Norman Lear’s work was an integral part of American life in the second half of the 20th Century. Television programs like Maude, Sanford and Son, and The Jeffersons dragged television out of the 1950s and into the real world. As Variety states: “Lear’s shows were the first to address the serious political, cultural and social flashpoints of the day – racism, abortion, feminism, homosexuality, the Vietnam war – by working pointed new wrinkles into the standard domestic comedy formula. No subject was taboo: Two 1977 episodes of All in the Family revolved around the attempted rape of lead character Archie Bunker’s wife Edith.”
All in the Family, which ran on CBS from 1971 to 1979, typified the clash of generations. Middle-aged bigot Archie Bunker – played by Carrol O’Connor – was a right-wing King Lear in Queens, raging at the radical changes in society. Archie didn’t let ignorance get in the way of his opinions; once he argued that people who lived in communes were communists. The thing is, the old dog was actually capable of learning new tricks. Archie never evolved into any kind of saint. But over the nine seasons "Family" aired, experience taught Archie the benefits of listening to (and respecting) viewpoints far different from his own.
All in the Family was the jewel in Lear’s crown, but don’t forget the highly popular shows One Day at a Time (which featured Bonnie Franklin as a divorcee raising two daughters in the Midwest) and Mary Hartman, Mary Hartman (with Louise Lasser as the titular figure in a parody of soap opera conventions). Good or bad, Lear’s work was never indifferent.
More recently, you may have heard about Lear’s lively activism. His TV shows were themselves arguments for free and unfettered speech, and Lear supported a slate of liberal causes. In 1981 he founded People for the American Way. The organization’s website describes the ways that PFAW has “engaged cultural and community leaders and individual activists in campaigns promoting freedom of expression, civic engagement, fair courts, and legal and lived equality for LGBTQ people.”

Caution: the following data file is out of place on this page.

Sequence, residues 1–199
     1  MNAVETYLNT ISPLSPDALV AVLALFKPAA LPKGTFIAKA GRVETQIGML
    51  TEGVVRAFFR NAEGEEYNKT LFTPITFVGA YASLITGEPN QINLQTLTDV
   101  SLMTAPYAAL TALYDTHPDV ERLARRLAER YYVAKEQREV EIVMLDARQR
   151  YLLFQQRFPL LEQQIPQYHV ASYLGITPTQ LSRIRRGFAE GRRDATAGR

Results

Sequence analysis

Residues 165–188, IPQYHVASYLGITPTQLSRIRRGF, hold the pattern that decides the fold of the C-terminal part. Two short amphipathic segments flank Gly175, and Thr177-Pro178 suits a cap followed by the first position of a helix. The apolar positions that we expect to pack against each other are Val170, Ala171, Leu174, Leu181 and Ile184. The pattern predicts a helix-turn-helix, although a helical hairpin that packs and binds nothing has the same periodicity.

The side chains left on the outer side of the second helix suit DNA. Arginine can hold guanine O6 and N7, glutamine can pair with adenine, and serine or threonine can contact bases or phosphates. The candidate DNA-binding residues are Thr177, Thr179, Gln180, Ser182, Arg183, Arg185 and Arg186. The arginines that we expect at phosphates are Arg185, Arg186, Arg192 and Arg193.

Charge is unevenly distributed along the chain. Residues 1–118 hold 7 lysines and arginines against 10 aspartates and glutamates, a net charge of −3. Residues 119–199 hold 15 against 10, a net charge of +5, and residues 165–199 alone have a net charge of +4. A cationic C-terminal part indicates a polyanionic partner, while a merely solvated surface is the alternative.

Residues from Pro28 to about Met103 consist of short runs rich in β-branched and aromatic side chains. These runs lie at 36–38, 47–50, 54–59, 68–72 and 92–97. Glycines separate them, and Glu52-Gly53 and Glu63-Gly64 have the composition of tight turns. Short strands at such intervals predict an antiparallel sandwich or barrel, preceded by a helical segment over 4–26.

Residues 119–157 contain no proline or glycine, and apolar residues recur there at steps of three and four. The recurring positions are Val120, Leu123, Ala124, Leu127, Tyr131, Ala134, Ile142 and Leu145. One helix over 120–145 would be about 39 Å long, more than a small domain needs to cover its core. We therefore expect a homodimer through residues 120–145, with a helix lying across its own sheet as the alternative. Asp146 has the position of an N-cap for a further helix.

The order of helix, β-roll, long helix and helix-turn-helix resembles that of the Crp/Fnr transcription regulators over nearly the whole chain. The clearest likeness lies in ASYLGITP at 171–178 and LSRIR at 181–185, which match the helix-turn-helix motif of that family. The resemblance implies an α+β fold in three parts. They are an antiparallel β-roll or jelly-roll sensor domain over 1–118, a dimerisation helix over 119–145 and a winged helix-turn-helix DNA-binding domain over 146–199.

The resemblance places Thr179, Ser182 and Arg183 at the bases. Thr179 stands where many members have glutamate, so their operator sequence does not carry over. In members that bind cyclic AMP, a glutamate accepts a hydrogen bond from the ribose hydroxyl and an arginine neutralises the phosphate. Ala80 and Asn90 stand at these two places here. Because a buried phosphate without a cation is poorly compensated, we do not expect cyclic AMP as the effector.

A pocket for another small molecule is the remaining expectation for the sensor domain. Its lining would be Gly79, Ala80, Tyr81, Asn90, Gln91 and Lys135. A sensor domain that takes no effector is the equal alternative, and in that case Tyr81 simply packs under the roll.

Lear’s life was a long and fulfilling one. In 1978 he was given the first of two Peabody Awards, the most prestigious award in television. “To Norman Lear,” it reads, “...for giving us comedy with a social conscience. He uses humor to give us a better understanding of social issues. He lets us laugh at our own shortcomings and prejudices, and while doing this, maintains the highest entertainment standards.”
A pioneer, a gadfly of the state, a mensch. To paraphrase a lyric from All in the Family’s theme song, “Mister, we could use a guy like Norman Lear again.”
The Lazy Person's Guide To Internet Privacy
8 ways to protect yourself, right now
When I was studying in China, the other kids and I always freaked out when we were doing something illicit, like entertaining a Chinese friend or using an electric tea kettle, and the dorm attendant came knocking at the door. Clearly we were being surveilled. Over time, one of the things we grew to appreciate about the United States was our individual privacy. Obviously, since then, what seemed like an inviolable right has been casually thrown away like a pile of old VHS tapes. Where I once cherished my privacy, now I might as well be sprawled naked on the pavement in Times Square surrounded by my open passport, credit cards, bank statements, and diaries.